Best practices of conducting M&A

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  • #59055
    Aly AlFaqi
    Participant

    Companies around the world routinely struggle to realize value from transactions. However, by identifying and implementing leading practices, M&A executives can improve the likelihood of achieving deal success. KPMG LLP recently concluded a study of leading in-house M&A practices that captured feedback from 221 global organizations, including companies from the Fortune 500, FTSE 350 and the global private sector.

    1) Impart Structure To The Deal Process

    Leading M&A departments tend to implement distinct deal hurdles through two main methods: the use of sequential committees, where proposals are approved before additional resources are committed, and the implementation of a more thorough transaction documentation process. Nearly 75% of survey participants said that incorporating additional structure increases the effectiveness of an M&A team.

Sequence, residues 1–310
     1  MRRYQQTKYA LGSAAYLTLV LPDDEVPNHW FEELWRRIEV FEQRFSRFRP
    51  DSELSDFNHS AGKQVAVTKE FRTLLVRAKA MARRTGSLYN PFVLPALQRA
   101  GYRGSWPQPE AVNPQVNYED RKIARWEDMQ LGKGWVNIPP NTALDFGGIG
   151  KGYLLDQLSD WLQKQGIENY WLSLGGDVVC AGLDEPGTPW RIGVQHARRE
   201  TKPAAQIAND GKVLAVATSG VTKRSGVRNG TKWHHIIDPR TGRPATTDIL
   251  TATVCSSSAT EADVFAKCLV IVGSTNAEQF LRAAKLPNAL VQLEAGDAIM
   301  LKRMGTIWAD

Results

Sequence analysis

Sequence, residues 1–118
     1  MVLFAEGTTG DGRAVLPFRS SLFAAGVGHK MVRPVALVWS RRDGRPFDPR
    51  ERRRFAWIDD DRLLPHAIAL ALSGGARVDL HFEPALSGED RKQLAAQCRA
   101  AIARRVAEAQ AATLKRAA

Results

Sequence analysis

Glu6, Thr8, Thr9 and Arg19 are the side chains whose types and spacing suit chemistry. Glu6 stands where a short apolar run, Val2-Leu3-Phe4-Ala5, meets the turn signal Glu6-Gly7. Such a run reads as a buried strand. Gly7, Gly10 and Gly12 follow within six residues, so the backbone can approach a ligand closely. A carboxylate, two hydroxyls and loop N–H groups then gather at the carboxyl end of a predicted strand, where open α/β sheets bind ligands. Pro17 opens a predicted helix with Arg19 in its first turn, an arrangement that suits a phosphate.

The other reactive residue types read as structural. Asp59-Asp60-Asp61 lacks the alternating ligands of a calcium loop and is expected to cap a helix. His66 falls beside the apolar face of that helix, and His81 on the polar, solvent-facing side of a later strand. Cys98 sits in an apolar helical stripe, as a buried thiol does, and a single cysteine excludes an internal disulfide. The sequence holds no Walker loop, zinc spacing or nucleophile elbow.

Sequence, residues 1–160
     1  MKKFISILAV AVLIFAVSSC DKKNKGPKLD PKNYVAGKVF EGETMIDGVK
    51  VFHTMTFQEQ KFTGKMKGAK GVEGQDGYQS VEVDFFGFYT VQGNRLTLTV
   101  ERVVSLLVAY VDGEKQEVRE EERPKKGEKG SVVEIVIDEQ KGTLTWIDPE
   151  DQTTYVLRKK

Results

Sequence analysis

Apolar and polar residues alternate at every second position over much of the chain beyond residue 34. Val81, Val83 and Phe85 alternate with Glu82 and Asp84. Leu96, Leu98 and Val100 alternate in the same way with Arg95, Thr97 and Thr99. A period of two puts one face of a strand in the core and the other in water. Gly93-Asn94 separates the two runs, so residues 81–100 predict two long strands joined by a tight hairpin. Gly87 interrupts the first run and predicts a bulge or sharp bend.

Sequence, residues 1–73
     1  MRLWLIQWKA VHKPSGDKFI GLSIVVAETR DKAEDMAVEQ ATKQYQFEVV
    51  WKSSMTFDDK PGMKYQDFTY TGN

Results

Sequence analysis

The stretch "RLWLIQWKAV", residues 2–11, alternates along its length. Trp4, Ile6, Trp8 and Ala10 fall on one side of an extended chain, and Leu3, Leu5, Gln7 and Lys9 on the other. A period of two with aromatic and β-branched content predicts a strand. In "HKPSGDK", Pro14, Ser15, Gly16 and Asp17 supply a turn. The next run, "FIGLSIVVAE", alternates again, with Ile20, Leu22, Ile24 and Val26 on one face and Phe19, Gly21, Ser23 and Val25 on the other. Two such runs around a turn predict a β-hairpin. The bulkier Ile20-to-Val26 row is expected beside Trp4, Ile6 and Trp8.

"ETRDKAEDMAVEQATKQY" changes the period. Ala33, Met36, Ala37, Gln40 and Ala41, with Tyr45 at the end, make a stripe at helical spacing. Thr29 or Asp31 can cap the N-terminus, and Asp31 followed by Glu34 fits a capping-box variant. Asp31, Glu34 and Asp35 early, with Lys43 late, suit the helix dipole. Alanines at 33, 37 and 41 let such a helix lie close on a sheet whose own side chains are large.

2) Leverage Resources

    Respondents indicated that nearly twice as many non-M&A staff people work on deals as “core” M&A staff. An average of four M&A employees work on larger deals, with an additional eight from other business units. Companies said that leveraging resources and sharing responsibilities among internal channels increases the chance of success.

    3) Rotate Staff Between Departments

    The survey data revealed that M&A groups that rotate staff between business units are more likely to achieve deal success than those that don’t promote such rotations. Having deal advocates trained in M&A processes within business units appears to help filter out poor-quality deals.